fighting spam and scams on the Internet
"419" Scam – Advance Fee / Fake Lottery Scam
The so-called "419" scam is a type of fraud dominated by criminals from Nigeria and other countries in Africa. Victims of the scam are promised a large amount of money, such as a lottery prize, inheritance, money sitting in some bank account, etc.
Victims never receive this non-existent fortune but are tricked into sending their money to the criminals, who remain anonymous. They hide their real identity and location by using fake names and fake postal addresses as well as communicating via anonymous free email accounts and mobile phones.
Keep in mind that scammers DO NOT use their real names when defrauding people.
The criminals either abuse names of real people or companies or invent names or addresses.
Any real people or companies mentioned below have NO CONNECTION to the scammers!
Read more about such scams here or in our 419 FAQ. Use the Scam-O-Matic to verify suspect emails.
Click here to report a problem with this page.
Some comments by the Scam-O-Matic about the following email:
- An email address listed inside this email has been used in a known fraud before.
- This email uses a separate reply address that is different from the sender address. Spammers use this to get replies even when the original spam sending accounts have been shut down. Also, sometimes the sender addresses are legitimate looking but fake and only the reply address is actually an email account controlled by the scammers.
- The following phrases in this message should put you on alert:
- ",000,000" (they want you to be blinded by the prospect of quick money, but the only money that ever changes hands in 419 scams is from you to the criminals)
- "you are advise to" (this email uses bad English)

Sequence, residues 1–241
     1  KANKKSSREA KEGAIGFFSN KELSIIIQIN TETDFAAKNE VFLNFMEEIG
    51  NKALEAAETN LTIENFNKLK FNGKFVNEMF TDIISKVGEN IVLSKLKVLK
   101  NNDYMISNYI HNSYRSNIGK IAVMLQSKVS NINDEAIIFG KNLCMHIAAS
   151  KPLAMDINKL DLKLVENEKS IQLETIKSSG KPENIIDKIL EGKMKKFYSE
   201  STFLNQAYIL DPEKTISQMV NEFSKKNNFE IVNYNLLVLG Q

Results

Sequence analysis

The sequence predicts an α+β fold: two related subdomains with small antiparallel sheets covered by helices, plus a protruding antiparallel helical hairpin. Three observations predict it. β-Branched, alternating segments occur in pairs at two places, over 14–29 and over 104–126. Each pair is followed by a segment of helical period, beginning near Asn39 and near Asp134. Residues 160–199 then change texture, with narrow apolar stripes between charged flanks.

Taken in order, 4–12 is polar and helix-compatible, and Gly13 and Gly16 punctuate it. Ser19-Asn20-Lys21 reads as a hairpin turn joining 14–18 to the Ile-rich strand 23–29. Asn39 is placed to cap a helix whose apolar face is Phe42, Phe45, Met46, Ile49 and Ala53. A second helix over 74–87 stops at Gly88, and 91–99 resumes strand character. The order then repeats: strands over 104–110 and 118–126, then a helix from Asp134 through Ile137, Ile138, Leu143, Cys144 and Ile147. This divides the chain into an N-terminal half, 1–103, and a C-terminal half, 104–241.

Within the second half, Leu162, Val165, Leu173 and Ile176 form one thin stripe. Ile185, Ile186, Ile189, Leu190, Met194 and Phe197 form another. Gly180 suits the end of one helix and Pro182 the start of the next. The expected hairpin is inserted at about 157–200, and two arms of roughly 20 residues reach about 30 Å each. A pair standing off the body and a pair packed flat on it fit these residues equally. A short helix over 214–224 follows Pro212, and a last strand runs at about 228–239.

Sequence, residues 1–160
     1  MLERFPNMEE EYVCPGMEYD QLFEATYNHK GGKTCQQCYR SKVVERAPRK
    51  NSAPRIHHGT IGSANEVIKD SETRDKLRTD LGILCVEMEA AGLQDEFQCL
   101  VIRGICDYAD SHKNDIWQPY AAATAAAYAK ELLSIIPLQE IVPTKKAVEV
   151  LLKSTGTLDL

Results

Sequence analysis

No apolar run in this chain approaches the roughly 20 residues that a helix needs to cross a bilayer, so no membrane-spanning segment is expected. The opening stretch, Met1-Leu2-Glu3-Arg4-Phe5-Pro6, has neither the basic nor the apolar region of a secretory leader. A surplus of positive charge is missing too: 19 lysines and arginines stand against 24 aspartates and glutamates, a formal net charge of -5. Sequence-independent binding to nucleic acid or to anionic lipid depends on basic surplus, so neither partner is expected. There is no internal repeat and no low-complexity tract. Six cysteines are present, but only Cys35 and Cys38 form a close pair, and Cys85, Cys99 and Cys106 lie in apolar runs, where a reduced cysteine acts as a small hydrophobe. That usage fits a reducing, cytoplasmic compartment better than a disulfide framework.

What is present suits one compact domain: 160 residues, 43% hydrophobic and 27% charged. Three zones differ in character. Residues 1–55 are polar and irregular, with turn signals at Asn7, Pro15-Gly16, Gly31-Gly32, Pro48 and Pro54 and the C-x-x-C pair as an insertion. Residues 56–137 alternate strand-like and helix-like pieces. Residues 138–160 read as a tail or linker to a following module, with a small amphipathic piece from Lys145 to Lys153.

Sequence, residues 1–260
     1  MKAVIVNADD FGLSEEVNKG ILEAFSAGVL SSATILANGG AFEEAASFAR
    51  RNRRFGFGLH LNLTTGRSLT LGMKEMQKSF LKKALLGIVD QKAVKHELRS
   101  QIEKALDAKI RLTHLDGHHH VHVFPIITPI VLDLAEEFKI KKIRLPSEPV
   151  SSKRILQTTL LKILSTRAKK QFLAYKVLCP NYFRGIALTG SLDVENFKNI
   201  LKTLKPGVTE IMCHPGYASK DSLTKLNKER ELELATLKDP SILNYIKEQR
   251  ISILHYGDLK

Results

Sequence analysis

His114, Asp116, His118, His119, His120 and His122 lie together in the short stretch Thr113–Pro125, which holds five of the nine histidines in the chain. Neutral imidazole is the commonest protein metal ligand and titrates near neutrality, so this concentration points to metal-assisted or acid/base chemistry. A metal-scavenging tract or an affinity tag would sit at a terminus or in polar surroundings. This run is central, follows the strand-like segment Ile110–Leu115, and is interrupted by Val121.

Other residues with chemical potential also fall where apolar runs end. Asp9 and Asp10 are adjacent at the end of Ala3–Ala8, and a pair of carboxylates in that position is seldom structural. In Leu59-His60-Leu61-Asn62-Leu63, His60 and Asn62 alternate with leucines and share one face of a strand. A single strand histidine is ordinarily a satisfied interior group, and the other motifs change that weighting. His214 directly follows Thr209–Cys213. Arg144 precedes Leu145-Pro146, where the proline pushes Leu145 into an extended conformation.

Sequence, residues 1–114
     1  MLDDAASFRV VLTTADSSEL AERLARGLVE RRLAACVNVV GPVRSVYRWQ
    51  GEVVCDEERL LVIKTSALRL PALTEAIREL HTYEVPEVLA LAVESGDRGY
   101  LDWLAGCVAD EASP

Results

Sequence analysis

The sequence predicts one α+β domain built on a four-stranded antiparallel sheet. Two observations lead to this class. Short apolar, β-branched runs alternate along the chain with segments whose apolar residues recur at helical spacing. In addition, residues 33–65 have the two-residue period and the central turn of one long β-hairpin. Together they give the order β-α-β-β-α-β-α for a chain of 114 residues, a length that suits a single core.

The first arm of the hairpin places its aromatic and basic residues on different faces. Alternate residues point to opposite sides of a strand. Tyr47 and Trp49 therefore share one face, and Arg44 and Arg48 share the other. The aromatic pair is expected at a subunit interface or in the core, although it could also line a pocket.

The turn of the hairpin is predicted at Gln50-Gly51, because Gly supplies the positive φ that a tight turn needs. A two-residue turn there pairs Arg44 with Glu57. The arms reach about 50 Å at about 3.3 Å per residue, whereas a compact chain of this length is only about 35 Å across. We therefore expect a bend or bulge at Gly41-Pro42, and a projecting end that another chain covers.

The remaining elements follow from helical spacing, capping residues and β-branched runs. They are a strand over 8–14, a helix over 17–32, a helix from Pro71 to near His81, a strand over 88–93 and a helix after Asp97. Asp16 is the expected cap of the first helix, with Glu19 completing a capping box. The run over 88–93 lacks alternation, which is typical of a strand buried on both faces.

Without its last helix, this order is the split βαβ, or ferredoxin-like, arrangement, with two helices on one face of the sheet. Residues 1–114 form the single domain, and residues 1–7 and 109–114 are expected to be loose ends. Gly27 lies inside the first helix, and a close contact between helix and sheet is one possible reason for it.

- This email message is a fake lottery scam. Consider the following facts about real lotteries:
- They don't notify winners by email.
- You can't win without first buying a lottery ticket.
- They don't randomly select email addresses to award prizes to.
- They don't use free email accounts (Yahoo, Hotmail, etc) to communicate with you.
- They don't tell you to call a mobile phone number.
- They don't tell you to keep your winnings secret.
- They will never ask a winner to pay any fees to receive a prize!
- This email lists mobile phone numbers. Use of such numbers is typical for scams because they allow criminals to conceal their true location. They can receive calls in an Internet cafe from where they send you emails, while pretending to be in some office.
- This email lists free webmail addresses. Use of such addresses is typical for scams. Lotteries, banks and any but the smallest of companies do not normally use such addresses. Criminals use them to anonymously send and receive email at Internet cafes.
- firstname.lastname@example.org (email address has been used in a known fraud before)
Fraud email example:
From: "Dutch Program" (may be fake)
Date: Sat, 25 Sep 2010 16:12:46 +0200
Subject: LEGAL OFFICE.
ATTENTION TO THE OWNER OF THIS EMAIL ADDRESS
We are happy to inform you that you have emerged a winner under the First Category of our
promotion program. Winners were picked by computerized system, drawn from over 47,000,000
companies and individuals e-mail addresses worldwide. This draws were officially announced
27th of August, 2010. Your email ID has won a lump sum of 950.580.00 (Nine Hundred and
Fifty Thousand Five Hundred and Eighty euro) only, in the First category G1 of our computer
ballot prize award program.
This compensational program was promoted and sponsored by Dutch National Lottery in the
Netherlands. No ticket was sold in this prize award but winners were randomly selected
from the electronic online world wide web in all over the world. You are advise to claim
your winning under 14 working days. Find below your winning informations: Reference Number:
NPL/602/DX511/21KJ, Batch Number:MZ52/347/BJ9/31NL, Lucky Number: 3-5-9-22-32-43.
Remember to always quote your winning Reference Numbers in all your correspondence.
Please contact the Foreign Financial Office of De Paying Bank for your prize claim:
Dr. Steijn De Bernhard,
Mrs. Sophie Van Buren